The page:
The TU Institute for Bob Dylan Studies draws upon a Tulsa’s rich musical and creative history. Along with the Woody Guthrie Center and OKPOP, the Institute marks Tulsa as a destination for the study and appreciation of America’s musical traditions. It is also a natural fit for TU, which hosted the inaugural Woody Guthrie Centennial Symposium and Concert in 2012, a third anniversary symposium (2016), as well as other programs for students, faculty, and the general public. Dylan himself referenced Tulsa and the Woody Guthrie Center and Archives as a primary reason for relocating his rich archives in the Helmerich Center for American Research.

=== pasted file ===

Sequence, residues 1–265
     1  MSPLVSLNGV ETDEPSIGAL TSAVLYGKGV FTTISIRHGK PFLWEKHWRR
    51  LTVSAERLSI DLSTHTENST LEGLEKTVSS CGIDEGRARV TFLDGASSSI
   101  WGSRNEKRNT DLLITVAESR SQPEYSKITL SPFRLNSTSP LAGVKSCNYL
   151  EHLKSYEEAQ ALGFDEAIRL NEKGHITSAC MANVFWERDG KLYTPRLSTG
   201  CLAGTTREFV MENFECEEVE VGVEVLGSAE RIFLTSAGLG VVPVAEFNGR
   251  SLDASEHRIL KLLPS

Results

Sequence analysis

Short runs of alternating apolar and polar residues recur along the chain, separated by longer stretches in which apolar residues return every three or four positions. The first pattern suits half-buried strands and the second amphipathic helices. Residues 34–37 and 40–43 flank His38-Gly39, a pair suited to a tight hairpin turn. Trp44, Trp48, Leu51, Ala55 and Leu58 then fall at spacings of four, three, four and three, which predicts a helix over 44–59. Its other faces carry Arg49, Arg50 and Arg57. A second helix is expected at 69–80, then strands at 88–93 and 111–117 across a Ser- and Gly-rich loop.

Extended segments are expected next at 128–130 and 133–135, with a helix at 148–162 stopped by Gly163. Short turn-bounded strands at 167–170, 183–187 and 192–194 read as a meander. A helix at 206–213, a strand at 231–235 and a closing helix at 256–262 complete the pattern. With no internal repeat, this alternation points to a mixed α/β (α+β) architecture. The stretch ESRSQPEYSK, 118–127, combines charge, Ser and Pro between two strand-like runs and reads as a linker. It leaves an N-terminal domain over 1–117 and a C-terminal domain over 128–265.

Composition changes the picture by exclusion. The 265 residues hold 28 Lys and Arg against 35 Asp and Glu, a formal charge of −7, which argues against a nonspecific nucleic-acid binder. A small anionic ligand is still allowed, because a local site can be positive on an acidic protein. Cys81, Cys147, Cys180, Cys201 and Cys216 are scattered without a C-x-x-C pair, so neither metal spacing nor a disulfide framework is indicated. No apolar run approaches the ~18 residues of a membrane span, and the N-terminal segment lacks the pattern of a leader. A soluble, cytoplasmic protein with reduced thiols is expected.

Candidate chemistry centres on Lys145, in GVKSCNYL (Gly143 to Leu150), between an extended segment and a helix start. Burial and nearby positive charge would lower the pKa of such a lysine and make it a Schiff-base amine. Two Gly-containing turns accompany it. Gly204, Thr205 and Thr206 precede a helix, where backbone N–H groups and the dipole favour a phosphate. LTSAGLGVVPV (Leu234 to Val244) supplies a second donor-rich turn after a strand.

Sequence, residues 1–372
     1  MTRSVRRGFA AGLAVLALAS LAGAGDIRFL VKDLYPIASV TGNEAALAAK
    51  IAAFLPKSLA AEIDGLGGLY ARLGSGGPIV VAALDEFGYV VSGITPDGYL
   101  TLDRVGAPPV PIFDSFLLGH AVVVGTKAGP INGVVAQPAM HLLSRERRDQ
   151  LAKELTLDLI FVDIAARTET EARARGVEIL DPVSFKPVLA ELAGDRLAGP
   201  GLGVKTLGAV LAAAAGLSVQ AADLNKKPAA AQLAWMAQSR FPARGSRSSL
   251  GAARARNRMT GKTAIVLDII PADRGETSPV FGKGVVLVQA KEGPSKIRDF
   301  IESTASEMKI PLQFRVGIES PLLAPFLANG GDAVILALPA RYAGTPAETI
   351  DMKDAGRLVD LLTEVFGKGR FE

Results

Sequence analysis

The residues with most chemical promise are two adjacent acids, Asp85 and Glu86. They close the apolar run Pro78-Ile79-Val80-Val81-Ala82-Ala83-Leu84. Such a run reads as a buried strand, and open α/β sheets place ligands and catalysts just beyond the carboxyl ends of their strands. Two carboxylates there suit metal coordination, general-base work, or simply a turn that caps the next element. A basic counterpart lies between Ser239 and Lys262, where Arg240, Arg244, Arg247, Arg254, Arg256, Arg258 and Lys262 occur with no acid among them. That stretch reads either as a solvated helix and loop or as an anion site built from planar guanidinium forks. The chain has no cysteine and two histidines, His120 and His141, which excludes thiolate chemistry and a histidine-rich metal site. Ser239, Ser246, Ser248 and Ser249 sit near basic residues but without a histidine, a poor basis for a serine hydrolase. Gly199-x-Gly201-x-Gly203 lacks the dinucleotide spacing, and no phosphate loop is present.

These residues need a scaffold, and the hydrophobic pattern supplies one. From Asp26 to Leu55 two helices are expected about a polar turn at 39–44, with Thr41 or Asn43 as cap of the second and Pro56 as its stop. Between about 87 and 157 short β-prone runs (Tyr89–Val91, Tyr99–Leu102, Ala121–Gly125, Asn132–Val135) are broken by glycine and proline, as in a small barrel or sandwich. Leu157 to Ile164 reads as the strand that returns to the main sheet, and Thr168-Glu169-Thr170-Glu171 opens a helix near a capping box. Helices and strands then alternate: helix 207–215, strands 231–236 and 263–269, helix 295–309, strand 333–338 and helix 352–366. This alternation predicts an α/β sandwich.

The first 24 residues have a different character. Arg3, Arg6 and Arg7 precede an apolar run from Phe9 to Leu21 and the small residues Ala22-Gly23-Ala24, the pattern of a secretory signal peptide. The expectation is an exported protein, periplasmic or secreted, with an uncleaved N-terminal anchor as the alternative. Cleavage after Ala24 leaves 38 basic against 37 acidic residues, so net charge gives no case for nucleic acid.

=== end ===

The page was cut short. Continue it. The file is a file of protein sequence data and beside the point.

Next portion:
I’ve spent much of my career focused on the work of James Joyce, the novelist whose creativity and impact is rivaled only by Shakespeare. I see in Bob Dylan a similar kind of figure—a genius who has transformed forever our ideas about music, poetry, and the role of art in our lives. Dylan invented modern rock music, revitalized Nashville’s sound, launched the roots music revolution, and taught us that these popular forms can be every bit as rich and transformative as the novels or Joyce or the plays of Shakespeare. An archive like this is a world treasure, and our new institute will help scholars, students, writers, and fans better understand how and why Dylan’s music is so important.